IN WORKING-CLASS southern Madrid there are queues for food at community centres and parish soup kitchens. Caritas, a Catholic charity, reports a sur
IN WORKING-CLASS southern Madrid there are queues for food at community centres and parish soup kitchens. Caritas, a Catholic charity, reports a surge in demand for its help. Covid-19 has exposed holes in Spain’s welfare state, just as the slump after 2008 did. This time, though, the government is trying to plug the gaps. Some of the aid is temporary: almost 4m furloughed workers have been getting 70% of their wages paid by the state, which has also made emergency payments to 1.2m self-employed people.
On May 29th the government, a left-wing coalition headed by Pedro Sánchez, approved something big and permanent: a minimum income for those who fall through the cracks. Backdated to June 1st, the new scheme will pay up to €1,015 per month to families and €461.50 to single people who are “severely poor”. (The government defines this as making less than 40% of the median income of €1,050 per person each month.) José Luis Escrivá, the social-security minister and architect of the scheme, thinks 850,000 households or 2.3m people will qualify, mostly women and children.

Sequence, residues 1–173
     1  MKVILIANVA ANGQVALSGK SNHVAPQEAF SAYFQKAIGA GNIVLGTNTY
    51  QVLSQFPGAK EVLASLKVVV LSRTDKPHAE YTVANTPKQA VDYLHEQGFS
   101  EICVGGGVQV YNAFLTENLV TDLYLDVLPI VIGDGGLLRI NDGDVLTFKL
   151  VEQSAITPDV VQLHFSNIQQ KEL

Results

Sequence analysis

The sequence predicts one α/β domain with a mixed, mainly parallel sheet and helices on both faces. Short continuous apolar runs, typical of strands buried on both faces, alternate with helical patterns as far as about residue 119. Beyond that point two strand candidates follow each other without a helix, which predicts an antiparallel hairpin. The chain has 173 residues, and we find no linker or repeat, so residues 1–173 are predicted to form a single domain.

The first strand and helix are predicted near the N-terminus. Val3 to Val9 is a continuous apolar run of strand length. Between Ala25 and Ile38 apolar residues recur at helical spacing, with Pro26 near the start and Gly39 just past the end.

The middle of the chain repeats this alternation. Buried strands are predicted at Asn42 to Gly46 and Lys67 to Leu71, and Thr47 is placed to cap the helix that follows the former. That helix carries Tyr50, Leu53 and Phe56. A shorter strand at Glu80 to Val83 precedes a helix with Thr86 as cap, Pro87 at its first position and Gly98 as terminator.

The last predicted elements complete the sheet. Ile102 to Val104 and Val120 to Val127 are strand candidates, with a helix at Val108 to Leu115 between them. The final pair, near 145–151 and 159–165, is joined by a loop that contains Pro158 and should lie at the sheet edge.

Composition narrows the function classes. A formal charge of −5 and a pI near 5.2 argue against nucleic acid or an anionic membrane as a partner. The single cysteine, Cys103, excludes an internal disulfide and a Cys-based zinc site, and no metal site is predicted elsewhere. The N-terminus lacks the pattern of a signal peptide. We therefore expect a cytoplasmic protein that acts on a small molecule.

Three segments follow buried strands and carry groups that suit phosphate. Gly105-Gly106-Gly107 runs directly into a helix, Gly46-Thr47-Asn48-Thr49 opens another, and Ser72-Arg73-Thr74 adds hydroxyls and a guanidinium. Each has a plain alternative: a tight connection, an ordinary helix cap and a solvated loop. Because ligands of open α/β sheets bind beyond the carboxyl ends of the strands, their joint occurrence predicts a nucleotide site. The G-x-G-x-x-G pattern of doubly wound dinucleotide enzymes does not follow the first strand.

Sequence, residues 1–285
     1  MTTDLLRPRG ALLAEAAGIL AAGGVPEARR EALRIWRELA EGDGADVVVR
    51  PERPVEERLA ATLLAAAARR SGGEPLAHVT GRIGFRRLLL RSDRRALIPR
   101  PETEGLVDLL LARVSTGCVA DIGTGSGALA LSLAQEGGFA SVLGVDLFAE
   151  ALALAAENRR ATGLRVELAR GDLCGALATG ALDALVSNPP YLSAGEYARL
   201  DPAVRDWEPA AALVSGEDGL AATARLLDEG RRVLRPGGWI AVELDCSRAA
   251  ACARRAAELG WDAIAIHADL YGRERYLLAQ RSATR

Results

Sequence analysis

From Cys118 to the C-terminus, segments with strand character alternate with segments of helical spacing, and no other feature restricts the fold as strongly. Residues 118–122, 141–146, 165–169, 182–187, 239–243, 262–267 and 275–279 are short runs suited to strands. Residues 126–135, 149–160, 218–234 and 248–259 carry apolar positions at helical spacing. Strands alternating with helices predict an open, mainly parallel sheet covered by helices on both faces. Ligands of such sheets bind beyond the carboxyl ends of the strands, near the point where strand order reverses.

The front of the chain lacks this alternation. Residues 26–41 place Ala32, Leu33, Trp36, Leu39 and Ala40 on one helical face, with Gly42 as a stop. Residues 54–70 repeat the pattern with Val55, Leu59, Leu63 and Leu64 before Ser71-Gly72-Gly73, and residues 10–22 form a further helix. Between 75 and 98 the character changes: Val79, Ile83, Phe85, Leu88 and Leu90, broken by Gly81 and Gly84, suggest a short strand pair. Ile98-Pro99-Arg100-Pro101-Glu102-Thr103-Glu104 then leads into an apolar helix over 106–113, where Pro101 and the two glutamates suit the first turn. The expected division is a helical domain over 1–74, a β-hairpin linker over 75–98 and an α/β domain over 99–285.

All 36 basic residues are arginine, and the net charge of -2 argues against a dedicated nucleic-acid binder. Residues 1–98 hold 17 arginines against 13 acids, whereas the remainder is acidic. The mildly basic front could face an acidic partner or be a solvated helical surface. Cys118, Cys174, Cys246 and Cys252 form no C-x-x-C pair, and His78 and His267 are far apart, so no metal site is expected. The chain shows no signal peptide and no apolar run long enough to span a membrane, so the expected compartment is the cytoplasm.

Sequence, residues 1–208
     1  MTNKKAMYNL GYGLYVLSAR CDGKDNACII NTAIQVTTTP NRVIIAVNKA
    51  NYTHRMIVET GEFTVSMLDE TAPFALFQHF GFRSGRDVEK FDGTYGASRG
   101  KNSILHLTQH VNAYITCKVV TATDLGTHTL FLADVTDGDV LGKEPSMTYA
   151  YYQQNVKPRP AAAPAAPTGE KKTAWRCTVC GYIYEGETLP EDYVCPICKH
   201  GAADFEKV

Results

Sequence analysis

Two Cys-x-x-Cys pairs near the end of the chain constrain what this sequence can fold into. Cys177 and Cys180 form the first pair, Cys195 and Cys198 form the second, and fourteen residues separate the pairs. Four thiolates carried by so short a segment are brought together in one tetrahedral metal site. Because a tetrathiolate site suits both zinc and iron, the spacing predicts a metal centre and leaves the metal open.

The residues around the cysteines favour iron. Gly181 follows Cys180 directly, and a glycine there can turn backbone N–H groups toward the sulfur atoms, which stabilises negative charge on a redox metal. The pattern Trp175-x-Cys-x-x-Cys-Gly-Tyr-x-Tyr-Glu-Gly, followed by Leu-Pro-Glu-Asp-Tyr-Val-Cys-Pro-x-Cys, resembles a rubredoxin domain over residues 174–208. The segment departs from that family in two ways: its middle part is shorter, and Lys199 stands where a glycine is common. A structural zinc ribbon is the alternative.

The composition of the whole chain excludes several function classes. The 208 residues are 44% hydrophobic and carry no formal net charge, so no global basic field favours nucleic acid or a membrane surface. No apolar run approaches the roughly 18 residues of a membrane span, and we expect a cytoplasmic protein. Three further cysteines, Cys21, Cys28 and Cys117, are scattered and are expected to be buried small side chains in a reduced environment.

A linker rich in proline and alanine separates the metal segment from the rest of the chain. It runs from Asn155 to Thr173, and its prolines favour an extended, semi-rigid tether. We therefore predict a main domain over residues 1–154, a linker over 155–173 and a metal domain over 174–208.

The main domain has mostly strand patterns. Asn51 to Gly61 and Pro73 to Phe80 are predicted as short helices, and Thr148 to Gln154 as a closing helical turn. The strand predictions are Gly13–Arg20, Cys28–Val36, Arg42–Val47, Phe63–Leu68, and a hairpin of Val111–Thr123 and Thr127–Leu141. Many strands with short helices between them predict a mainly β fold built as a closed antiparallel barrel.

Spain has long had a poverty problem, partly because successive governments have concentrated on transport infrastructure, in a large and mountainous country, rather than social assistance. Before the virus struck, 12.4% of Spaniards fell below the 40% of median income threshold. In the EU as a whole, only 6.9%…